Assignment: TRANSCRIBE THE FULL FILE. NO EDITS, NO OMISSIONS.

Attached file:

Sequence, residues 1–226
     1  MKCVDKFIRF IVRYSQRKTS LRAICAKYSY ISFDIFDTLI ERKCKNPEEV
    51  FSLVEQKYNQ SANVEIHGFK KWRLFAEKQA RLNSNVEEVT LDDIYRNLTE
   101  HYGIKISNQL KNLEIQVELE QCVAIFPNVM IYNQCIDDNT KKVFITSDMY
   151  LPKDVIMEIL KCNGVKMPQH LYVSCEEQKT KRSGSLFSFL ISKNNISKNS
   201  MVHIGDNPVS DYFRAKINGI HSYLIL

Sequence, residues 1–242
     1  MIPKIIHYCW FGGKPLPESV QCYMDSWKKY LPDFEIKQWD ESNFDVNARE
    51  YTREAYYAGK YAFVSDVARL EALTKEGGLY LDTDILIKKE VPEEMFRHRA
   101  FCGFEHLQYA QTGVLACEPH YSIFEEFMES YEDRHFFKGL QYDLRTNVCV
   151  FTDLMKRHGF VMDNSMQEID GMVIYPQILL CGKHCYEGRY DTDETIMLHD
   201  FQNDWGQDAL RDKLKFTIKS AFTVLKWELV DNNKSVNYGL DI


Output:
Sequence, residues 1–226
     1  MKCVDKFIRF IVRYSQRKTS LRAICAKYSY ISFDIFDTLI ERKCKNPEEV
    51  FSLVEQKYNQ SANVEIHGFK KWRLFAEKQA RLNSNVEEVT LDDIYRNLTE
   101  HYGIKISNQL KNLEIQVELE QCVAIFPNVM IYNQCIDDNT KKVFITSDMY
   151  LPKDVIMEIL KCNGVKMPQH LYVSCEEQKT KRSGSLFSFL ISKNNISKNS
   201  MVHIGDNPVS DYFRAKINGI HSYLIL

Sequence, residues 1–242
     1  MIPKIIHYCW FGGKPLPESV QCYMDSWKKY LPDFEIKQWD ESNFDVNARE
    51  YTREAYYAGK YAFVSDVARL EALTKEGGLY LDTDILIKKE VPEEMFRHRA
   101  FCGFEHLQYA QTGVLACEPH YSIFEEFMES YEDRHFFKGL QYDLRTNVCV
   151  FTDLMKRHGF VMDNSMQEID GMVIYPQILL CGKHCYEGRY DTDETIMLHD
   201  FQNDWGQDAL RDKLKFTIKS AFTVLKWELV DNNKSVNYGL DI